In this paper, I outline a proposal for assigning liability for autonomous machines modeled on the doctrine of respondeat superior. I argue that the machines’ users’ or designers’ liability should be determined by the manner in which the machines are created, which, in turn, should be responsive to considerations of the machines’ welfare interests. This approach has the twin virtues of promoting socially beneficial design of machines, and of taking their potential moral patiency seriously. I then argue for abandoning the (...)
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  9. Against Accomplice Liability.Alex Kaiserman - 2021 - In Oxford Studies in Philosophy of Law. Oxford, UK: pp. 124-155.
    Accomplice liability makes people guilty of crimes they knowingly helped or encouraged others to commit, even if they did not commit the crime themselves. But this method of criminalizing aiders and abettors is fraught with problems. In this chapter, I argue that accomplice liability in the criminal law should be replaced with a system in which agents are criminalized on the basis of their individual contributions to causings of harm—the larger the contribution, the more severe the crime—regardless of whether those (...)
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  10. Holding Responsible and Taking Responsibility.Stephen Bero - 2020 - Law and Philosophy 39 (3):263-296.
    In matters of responsibility, there are often two sides to the transaction: one party who holds another responsible, and the other who takes responsibility for her conduct. The first side has been closely scrutinized in discussions of the nature of responsibility, due to the influential Strawsonian conjecture that an agent is responsible if and only if it is appropriate to hold her responsible. This preoccupation with holding responsible – with its focus on the second-personal perspective and on responses like blame (...)
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  11. Morally Permissible Risk Imposition and Liability to Defensive Harm.Susanne Burri - 2020 - Law and Philosophy 39 (4):381-408.
    This paper examines whether an agent becomes liable to defensive harm by engaging in a morally permissible but foreseeably risk-imposing activity that subsequently threatens objectively unjustified harm. It first clarifies the notion of a foreseeably risk-imposing activity by proposing that an activity should count as foreseeably risk-imposing if an agent may morally permissibly perform it only if she abides by certain duties of care. Those who argue that engaging in such an activity can render an agent liable to defensive harm (...)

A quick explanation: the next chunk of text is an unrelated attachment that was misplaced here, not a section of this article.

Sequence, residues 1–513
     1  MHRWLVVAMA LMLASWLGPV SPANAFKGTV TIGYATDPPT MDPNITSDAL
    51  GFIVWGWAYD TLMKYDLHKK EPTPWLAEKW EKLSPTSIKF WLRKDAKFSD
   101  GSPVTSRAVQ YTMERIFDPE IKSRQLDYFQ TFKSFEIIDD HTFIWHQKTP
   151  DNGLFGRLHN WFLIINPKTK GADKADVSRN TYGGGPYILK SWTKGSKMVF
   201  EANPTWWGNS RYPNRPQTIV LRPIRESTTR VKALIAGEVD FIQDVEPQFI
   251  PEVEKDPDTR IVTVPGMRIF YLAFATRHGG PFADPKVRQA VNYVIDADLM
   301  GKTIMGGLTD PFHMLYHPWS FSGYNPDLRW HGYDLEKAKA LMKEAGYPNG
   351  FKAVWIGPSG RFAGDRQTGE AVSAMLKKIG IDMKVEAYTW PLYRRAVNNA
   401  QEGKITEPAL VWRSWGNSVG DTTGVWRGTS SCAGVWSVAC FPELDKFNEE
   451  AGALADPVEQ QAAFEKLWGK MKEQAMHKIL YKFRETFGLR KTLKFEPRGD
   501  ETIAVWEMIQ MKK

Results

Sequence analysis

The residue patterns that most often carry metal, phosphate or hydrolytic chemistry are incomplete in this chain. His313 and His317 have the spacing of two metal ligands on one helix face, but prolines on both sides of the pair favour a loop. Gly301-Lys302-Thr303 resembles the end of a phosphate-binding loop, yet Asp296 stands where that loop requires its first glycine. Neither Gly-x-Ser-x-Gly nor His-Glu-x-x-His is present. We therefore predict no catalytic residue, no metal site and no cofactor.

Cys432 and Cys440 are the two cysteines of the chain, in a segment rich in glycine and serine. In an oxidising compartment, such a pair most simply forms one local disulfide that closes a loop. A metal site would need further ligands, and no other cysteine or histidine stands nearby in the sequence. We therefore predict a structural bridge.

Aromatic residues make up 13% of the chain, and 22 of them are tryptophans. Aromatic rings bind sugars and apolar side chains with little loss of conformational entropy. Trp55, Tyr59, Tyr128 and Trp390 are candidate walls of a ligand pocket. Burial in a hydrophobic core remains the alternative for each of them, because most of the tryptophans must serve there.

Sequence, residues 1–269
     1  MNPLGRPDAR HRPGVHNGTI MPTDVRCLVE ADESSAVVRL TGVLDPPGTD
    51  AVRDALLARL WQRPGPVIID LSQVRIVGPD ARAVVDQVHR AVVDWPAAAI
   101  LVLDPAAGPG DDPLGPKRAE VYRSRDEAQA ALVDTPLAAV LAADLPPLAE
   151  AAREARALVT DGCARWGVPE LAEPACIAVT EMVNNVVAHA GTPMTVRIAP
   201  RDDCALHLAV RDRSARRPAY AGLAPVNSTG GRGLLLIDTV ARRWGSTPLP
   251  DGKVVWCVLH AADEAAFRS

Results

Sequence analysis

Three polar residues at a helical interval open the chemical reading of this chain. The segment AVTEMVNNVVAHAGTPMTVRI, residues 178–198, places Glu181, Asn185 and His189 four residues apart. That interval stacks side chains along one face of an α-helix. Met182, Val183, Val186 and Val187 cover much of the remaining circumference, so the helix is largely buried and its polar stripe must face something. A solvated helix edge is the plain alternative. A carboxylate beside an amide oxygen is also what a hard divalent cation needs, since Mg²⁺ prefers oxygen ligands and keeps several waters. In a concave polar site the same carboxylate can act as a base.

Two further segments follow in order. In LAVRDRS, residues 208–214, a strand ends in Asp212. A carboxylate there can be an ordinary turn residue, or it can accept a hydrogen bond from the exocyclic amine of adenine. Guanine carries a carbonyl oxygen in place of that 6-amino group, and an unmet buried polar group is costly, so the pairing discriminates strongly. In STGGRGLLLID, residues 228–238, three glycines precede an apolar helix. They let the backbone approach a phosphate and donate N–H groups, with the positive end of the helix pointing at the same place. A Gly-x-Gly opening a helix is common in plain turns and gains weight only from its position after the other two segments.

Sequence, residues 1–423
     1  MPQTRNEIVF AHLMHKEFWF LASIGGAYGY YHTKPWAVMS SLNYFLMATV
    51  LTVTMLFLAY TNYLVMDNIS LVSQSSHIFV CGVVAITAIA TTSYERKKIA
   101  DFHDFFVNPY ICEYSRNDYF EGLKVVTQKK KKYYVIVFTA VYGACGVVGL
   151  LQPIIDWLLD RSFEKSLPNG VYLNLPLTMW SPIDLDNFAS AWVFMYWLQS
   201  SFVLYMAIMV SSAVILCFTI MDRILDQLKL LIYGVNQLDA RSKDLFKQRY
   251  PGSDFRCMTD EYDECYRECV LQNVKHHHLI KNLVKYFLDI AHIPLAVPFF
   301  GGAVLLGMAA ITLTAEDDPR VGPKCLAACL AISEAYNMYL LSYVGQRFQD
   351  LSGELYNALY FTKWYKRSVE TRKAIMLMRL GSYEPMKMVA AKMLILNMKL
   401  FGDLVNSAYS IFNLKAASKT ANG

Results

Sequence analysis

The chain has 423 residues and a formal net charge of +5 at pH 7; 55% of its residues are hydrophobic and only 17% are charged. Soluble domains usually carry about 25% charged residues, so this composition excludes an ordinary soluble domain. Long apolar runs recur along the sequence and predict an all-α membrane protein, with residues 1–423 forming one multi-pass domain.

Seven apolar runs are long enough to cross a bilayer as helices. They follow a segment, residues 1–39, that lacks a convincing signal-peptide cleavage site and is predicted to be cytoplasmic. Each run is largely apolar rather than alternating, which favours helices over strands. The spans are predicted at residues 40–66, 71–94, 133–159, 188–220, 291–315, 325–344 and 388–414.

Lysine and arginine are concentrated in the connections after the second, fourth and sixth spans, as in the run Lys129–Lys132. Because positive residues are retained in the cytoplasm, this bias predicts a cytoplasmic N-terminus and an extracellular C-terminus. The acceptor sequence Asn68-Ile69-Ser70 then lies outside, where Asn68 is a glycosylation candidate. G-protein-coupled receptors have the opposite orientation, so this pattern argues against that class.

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  12. Special Issue on Recklessness and Negligence.Christopher Cowley & Beatrice Krebs - 2020 - Criminal Law and Philosophy 14 (1):5-8.
    This paper introduces the Special Issue on Recklessness and Negligence. It highlights the main issues and controversies that surround these concepts and then briefly introduces each of the papers that comprise the Special Issue.
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  13. Yaffe, Gideon. The Age of Culpability: Children and the Nature of Criminal Responsibility. [REVIEW]Craig K. Agule - 2019 - Ethics 130 (2):271-276.
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  14. Children of a Lesser God? The Vividown Case and Privacy on the Internet.Gianluca Andresani & Natalina Stamile - 2019 - Revista da Faculdade de Direito UFPR 64 (2):141-169.
    In the wake of high profile and recent events of blatant privacy violations, which also raise issues of democratic accountability as well as, at least potentially, undermining the legitimacy of current local and international governance arrangements, a rethinking of the justification of the right to privacy is proposed. In this paper, the case of the violation of the privacy of a bullied autistic youngster and the consequent prosecution of 3 Google executives will be discussed first. We will then analyse the (...)
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  15. The Ethics of Law’s Authority: On Tommie Shelby's, Dark Ghettos: Injustice, Dissent, and Reform.Erin I. Kelly - 2019 - Criminal Law and Philosophy 16 (1):1-12.